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What we are looking for in fosterers

The primary role of a fosterer is to provide a temporary home for cats or kittens that are in need of care whilst they are waiting to be rehomed.

What this involves:

  • To provide a safe environment for cats and kittens while they are in foster care.
  • To feed, water, provide litter and maintain cats and kittens as appropriate; this may include administering medicine at times.
  • To take photos and write short descriptions of the cats in your care for our website and Facebook group to advise potential adopters about their character, and what home would best suit them.
  • To talk to potential adopters about cats in your care with the hope of rehoming them.
  • To enable potential adopters to visit your home to meet the cats in your care with the hope of rehoming them.
  • To keep records of intake forms, rehoming forms, donations as part of the adoption process.
  • To keep accurate records of any expenses incurred, via receipts and expense forms to be completed and submitted monthly.
  • A car is desirable as taking cats to vets, attending fundraisers, or collecting incoming cats from families who can no longer look after them is part of the role.
  • To attend our fundraising events. We often hold stalls at events to raise money for the charity, so you may be asked to man the stall with us when you can, do activities with children, and to transport games, raffle prizes and other fundraising items.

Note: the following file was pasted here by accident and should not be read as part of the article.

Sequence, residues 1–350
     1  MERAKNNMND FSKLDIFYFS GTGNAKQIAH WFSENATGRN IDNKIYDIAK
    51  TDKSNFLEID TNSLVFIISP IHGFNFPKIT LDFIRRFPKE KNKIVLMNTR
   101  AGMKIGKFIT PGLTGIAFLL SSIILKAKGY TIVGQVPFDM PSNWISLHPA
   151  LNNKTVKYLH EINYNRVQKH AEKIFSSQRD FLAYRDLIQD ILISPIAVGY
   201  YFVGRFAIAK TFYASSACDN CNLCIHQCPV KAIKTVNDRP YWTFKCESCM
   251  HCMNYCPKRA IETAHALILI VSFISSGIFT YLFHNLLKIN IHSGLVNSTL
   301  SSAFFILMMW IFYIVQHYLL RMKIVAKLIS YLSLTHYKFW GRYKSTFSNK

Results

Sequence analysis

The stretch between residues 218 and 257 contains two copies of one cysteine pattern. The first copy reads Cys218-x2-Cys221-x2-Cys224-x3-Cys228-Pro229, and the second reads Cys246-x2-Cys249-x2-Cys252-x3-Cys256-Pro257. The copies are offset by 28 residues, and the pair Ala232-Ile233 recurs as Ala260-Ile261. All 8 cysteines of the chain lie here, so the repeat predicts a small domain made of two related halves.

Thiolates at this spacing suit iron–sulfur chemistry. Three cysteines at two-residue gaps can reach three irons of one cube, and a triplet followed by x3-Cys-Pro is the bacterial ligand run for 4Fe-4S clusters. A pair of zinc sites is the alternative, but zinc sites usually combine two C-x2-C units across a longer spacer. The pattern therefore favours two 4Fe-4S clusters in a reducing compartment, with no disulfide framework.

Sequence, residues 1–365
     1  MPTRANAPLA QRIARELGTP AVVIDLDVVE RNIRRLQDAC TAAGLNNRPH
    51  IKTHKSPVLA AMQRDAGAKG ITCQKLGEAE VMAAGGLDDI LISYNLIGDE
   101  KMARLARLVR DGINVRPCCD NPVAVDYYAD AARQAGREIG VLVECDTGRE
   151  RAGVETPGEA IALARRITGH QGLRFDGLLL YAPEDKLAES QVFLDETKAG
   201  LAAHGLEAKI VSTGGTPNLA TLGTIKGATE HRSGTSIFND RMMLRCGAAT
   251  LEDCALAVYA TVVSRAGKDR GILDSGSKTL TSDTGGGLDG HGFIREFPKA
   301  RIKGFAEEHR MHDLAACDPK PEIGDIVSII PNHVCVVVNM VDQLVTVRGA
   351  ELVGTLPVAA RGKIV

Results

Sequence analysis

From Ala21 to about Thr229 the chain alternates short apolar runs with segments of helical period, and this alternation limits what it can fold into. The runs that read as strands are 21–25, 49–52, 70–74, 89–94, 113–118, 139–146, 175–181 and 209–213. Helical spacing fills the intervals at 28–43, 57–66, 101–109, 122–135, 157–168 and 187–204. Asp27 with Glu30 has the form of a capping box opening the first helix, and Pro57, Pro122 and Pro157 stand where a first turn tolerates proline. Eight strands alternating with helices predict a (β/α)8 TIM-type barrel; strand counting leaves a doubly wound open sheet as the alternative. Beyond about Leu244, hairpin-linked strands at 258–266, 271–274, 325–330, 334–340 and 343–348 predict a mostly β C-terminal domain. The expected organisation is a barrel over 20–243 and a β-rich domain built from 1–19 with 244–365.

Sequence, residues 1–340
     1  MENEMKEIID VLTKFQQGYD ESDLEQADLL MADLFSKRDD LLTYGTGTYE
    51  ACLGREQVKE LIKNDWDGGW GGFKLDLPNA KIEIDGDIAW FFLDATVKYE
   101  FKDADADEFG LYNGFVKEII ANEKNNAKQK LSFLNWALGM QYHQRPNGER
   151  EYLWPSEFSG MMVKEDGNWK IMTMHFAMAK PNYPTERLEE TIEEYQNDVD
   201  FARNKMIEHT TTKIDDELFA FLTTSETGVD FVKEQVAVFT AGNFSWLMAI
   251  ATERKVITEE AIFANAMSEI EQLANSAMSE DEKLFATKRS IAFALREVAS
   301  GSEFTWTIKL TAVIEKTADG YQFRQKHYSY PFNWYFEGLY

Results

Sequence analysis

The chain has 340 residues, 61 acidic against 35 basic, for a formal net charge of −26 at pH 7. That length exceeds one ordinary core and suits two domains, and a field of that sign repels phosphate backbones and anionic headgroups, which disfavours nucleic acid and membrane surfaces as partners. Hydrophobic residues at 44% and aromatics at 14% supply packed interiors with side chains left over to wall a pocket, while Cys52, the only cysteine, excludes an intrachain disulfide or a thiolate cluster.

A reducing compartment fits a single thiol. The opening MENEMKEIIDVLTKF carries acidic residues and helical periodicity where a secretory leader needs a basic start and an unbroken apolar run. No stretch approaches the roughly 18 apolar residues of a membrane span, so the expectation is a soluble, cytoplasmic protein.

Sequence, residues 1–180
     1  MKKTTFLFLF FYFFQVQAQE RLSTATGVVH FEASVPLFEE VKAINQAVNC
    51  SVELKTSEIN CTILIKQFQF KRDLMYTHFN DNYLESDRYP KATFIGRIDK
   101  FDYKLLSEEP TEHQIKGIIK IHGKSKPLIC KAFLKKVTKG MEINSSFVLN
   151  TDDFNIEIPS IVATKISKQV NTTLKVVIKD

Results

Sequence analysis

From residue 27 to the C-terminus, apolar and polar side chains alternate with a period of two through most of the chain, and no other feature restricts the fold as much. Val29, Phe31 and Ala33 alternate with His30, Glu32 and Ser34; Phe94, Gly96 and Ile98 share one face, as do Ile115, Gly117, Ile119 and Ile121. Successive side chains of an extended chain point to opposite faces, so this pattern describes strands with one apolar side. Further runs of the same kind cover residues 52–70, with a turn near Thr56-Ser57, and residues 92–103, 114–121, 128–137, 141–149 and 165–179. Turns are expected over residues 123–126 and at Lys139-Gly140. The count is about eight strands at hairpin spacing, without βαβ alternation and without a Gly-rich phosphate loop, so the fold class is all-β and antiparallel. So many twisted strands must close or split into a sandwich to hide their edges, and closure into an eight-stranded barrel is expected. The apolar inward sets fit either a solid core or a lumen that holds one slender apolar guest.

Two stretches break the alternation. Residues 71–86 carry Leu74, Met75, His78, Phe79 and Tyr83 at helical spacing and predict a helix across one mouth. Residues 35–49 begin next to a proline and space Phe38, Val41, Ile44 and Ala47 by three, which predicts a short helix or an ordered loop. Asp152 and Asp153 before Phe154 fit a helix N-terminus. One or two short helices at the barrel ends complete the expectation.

Experience / skills / knowledge /
personal qualities required

  • Experience of caring for cats is essential.
  • A suitable environment for caring for cats is essential. In reality this may simply be your home, but some people may have additional spaces that are well suited or adapted to home cats indoors or outdoors in pens, spare rooms or conservatories.
  • Patience and understanding – you will have to deal with situations or people at times that are sad or frustrating, but you must be tolerant and helpful regardless of personal feelings. Many people have a genuine reason for being unable to take care of cats any longer need support and understanding.
  • Communication skills – you must have moderately good English to be able to write good descriptions of cats – you will be representing the charity both in written form and face-to-face at times.
  • Talk to your family and ask for their support. Fostering is a commitment and caring for animals will inevitably impact on those around you.
  • If you have existing animals they must be neutered unless there are medical reasons why they cannot be.
  • Ability to make decisions on suitability of new homes based on your knowledge of the cats in your care. FCR won’t give cats to people that we suspect can’t take care of them, and sometimes have to remove cats from homes if we believe it to be in the cats’ best welfare.
  • Make sure you are allowed pets where you live!

What you will receive

  • Cats and kittens to look after!
  • No cost to you, apart from your time and love – we pay for food, litter, petrol expenses.
  • Ongoing advice and support from the other fosterers.
  • Some basic ad hoc supplies for bedding, toys, pens etc if required, though you are encouraged to source your own if you would like more.
  • A sense of satisfaction and reward!

NB: Feline Cat Rescue has a rule that no new fosterers may permanently adopt a cat in their care in the first year of fostering. Fostering is not to ‘Try before you buy’.

If you would like to talk more to someone about fostering, please contact Amanda on 01582 732347 and she’ll be happy to answer any of your questions.